Weather workers use wordplay as pay protest takes cheeky turn
Striking staff at Australia’s Bureau of Meteorology have hidden messages inside weather forecasts – including an elaborate hidden poem – as they bargain for better pay and conditions.
On Thursday and Friday, messages such as ‘‘#BoMonStrike’’ and ‘‘#SupportUs’’ were placed at the end of regular forecasts as part of industrial action that began on Wednesday.
Organisers from the Community Public Sector Union said the messages were ‘‘a bit of a cheeky way’’ for staff to speak to the public, and protest about the fact that they had not received a pay rise in five years.
One forecaster even embedded the message in an extensive analysis of satellite data, creating a 100-word, 10-line acrostic – a poem, word puzzle or other composition in which certain letters in each line form a word or words – that spelled out ‘‘BOM ON STRIKE’’.
‘‘Building cloud from the west is from an upper trough and tropical moisture,’’ it began. ‘‘On Thursday, this cloud will continue to stream eastwards across the continent. More thick cloud over south-west WA is from an approaching trough.’’
On live crosses to radio, some meteorologists read out a statement to listeners explaining why they were taking action, and the background of the long-running pay dispute.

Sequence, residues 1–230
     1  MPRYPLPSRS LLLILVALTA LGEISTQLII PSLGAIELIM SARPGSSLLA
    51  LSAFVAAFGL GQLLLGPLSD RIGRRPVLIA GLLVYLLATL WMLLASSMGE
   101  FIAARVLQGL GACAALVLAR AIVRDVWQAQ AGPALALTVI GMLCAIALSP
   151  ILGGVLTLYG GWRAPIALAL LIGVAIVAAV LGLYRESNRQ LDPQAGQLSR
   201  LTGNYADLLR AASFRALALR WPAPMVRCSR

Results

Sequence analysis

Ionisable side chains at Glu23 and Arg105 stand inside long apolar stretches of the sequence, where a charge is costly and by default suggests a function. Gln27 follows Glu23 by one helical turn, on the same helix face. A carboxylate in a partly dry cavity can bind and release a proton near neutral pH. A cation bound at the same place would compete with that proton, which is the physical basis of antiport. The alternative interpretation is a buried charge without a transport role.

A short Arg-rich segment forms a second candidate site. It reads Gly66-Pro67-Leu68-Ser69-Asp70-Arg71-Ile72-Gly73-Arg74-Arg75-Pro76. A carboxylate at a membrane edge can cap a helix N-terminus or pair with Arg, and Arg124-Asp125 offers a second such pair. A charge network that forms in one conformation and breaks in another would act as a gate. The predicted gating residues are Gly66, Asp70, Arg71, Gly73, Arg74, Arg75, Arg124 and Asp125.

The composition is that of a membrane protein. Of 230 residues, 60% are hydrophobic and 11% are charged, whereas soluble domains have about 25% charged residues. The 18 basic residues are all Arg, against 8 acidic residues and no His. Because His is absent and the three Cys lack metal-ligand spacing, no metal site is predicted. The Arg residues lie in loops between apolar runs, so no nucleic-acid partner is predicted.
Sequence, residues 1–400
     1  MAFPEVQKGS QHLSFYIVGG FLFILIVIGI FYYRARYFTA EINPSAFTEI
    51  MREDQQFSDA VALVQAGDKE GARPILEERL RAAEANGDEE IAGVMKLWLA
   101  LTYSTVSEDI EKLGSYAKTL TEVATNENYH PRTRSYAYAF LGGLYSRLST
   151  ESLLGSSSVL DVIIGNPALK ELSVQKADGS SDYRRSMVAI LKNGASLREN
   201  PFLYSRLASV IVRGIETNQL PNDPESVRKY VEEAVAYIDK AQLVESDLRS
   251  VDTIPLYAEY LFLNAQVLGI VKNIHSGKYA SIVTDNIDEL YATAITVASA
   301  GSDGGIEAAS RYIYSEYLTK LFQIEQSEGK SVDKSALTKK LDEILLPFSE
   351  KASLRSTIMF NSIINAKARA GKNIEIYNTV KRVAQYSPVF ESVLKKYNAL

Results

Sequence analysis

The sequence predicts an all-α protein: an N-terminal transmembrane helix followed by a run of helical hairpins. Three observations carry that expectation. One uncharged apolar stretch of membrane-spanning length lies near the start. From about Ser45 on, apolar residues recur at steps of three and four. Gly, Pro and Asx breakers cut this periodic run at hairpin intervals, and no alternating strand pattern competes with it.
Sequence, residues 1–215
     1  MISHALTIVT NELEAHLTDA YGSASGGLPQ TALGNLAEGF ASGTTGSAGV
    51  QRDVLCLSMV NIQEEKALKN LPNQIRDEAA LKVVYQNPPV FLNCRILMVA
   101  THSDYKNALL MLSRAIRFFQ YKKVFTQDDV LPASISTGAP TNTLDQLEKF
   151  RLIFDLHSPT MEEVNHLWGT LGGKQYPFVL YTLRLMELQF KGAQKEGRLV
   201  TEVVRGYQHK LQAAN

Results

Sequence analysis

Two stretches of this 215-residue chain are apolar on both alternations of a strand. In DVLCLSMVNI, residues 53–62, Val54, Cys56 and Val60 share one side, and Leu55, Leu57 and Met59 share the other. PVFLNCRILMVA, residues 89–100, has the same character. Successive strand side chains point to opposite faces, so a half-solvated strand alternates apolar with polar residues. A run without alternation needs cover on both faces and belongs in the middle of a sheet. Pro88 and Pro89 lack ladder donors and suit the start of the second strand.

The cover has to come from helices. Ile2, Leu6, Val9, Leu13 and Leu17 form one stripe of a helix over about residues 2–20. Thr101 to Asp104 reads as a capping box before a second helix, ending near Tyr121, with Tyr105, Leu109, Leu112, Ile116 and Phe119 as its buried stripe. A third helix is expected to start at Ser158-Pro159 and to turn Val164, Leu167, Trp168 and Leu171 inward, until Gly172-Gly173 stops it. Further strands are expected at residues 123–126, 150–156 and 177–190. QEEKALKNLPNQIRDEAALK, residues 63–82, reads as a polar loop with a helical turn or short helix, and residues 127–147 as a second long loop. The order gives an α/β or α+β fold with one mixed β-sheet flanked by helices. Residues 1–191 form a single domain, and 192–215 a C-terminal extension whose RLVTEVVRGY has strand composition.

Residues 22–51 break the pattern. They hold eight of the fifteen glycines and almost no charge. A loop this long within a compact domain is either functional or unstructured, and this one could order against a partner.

This week’s protest is the second protected industrial action that union members have taken during an industrial dispute that is now four years old. The enterprise agreement between the bureau and its staff expired in 2014, and a new deal has been mired in negotiations ever since.
‘‘We want people to know what is going on,’’ said the CPSU’s deputy secretary, Beth Vincent-Pietsch. ‘‘It’s so hard for public servants to have their own voice. This way, we could talk to people in a bit of a cheeky way.
‘‘We’ve been battling for four years. So we looked around for creative ways of engaging the public.’’
The union is still conducting more traditional protests, including a rolling strike and bans on certain meetings with management.
Vincent-Pietsch said the bureau’s management had clamped down on the protest messages – which had been deleted – by forcing staff to run all social media posts through a central administrator.
‘‘They are hating the hashtags, they hate the links to union petitions being put in,’’ she said. ‘‘But they’re struggling, because we have a lot of union members across the business.’’
Last year, employees at the bureau took part in three weeks of protests over a decision to cut staff conditions in remote stations.